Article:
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Category:    Home > Reviews > Drama > Sports > Politics > Civil Rights > Basketball > Glory Road (Blu-ray)

Glory Road (Blu-ray)

 

Picture: B-†††† Sound: B+†††† Extras: C+†††† Film: B

 

 

When James Gartnerís Glory Road (2006) came out in theaters, it did not do as well as it should have.Then when it came out on DVD, I hoped it would be a huge surprise hit and get notice.It did OK on DVD, but not what it should have.Of course, all films move to pay-per-view/on-demand and all the other outlets eventually allow more people to see it.However, a new wrinkle has been added that can only help this and other films that deserve a second chance.It is part of one of the early waves of High Definition Blu-ray releases from Disney and is easily one of the best titles issued so far.

 

To recap, the film is based on the true story of how girls basketball coach Don Haskins (Josh Lucas) took on a new coaching job that included a mostly-African American team at a time such players were considered inferior and were frankly discriminated against explicitly and outright.The story is about sports history as much as Civil Rights, which you can read the rest of at the link to my previous DVD review:

 

http://www.fulvuedrive-in.com/review/3938/Glory+Road+(Widescreen)

 

 

I also liked the look of the film, though the previous standard DVDís anamorphically enhanced 2.35 X 1 image was weak and did not come close to capturing how good this film looked in 35mm film.After testing this on more than one Blu-ray player, it looks like the 1080p version of this film here comes from the same master as the DVD and it has issues that it should not have.This is not just because co-cinematographers John Toon and Jeffrey Kimball (both A.S.C.) do a stylized look for the film, but because someone missed certain nuances and detail doing the film-to-tape transfer.It still looks better than the DVD, but comes up a bit short visually.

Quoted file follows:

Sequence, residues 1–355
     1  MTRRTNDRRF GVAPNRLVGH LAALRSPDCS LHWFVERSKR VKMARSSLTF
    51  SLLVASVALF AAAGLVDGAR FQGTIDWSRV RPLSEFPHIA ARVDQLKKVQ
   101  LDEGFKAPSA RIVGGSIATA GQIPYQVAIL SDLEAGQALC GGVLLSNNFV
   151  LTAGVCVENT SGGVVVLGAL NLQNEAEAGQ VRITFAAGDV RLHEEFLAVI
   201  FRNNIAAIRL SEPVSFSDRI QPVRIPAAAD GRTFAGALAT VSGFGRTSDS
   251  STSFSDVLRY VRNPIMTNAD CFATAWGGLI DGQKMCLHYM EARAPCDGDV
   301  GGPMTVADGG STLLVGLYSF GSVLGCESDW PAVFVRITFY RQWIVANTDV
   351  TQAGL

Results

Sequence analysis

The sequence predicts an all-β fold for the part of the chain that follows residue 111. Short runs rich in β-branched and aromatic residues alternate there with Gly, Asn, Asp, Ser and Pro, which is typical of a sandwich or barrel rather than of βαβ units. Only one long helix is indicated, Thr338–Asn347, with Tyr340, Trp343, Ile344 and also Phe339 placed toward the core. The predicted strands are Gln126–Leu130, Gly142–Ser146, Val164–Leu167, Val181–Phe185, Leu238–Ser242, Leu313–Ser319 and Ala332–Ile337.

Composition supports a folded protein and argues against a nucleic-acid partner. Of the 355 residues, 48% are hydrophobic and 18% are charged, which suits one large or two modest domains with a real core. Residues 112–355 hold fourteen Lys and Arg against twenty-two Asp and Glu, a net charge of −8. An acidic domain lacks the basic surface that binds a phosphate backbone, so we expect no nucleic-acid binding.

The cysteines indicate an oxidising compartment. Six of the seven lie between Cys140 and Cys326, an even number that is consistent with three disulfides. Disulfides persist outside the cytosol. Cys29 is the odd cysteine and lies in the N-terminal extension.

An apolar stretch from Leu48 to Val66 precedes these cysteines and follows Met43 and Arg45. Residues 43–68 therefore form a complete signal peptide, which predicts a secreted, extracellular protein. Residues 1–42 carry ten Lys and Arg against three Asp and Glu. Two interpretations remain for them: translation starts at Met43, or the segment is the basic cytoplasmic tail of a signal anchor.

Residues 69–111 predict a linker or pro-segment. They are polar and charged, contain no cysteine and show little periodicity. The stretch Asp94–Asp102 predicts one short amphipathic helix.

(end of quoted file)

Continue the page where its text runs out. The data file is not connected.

Like the previous DVD, the Dolby Digital 5.1 mix here has good surrounds, but falls short of how good this sounded in the theater.Fortunately, the PCM 24bit/48kHz 5.1 mix here is one of the most impressive in the format to date and really shines.The sound on this film is better than the theatrical playback I heard and that is down to the hit records used.Extras include two audio commentaries and only one of the three featurettes (Surviving Practice) from the DVD, also dropping the Alicia Keys Sweet Music Music Video.Those commentary tracks are by Gartner and Bruckheimer and the co-writers Christopher Cleveland & Bettina Gilois, who again deserve credit for their focused script.

 

 

-†† Nicholas Sheffo


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